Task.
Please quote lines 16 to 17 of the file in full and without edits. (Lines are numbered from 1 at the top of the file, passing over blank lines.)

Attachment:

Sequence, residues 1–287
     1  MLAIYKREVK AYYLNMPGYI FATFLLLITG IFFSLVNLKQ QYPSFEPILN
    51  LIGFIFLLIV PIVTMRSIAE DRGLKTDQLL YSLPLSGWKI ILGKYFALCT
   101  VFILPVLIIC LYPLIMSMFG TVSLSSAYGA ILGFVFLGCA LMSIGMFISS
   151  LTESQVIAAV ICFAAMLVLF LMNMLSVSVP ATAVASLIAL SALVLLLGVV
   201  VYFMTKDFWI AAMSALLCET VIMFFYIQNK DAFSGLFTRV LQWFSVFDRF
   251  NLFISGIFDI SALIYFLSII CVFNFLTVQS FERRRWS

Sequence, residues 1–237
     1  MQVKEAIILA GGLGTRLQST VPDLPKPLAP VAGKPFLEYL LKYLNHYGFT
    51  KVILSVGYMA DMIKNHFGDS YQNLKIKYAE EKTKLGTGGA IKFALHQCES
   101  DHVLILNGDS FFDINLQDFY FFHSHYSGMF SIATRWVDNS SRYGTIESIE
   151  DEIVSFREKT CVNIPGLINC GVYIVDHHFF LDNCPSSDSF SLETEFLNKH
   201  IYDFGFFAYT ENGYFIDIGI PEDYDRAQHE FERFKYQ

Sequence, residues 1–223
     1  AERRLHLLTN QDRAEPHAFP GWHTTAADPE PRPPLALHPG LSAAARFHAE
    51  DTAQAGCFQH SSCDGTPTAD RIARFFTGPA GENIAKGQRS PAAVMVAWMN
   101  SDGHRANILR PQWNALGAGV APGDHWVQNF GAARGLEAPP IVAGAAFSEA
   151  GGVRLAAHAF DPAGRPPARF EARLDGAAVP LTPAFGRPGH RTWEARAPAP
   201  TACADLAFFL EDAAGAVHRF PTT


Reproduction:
    51  DTAQAGCFQH SSCDGTPTAD RIARFFTGPA GENIAKGQRS PAAVMVAWMN
   101  SDGHRANILR PQWNALGAGV APGDHWVQNF GAARGLEAPP IVAGAAFSEA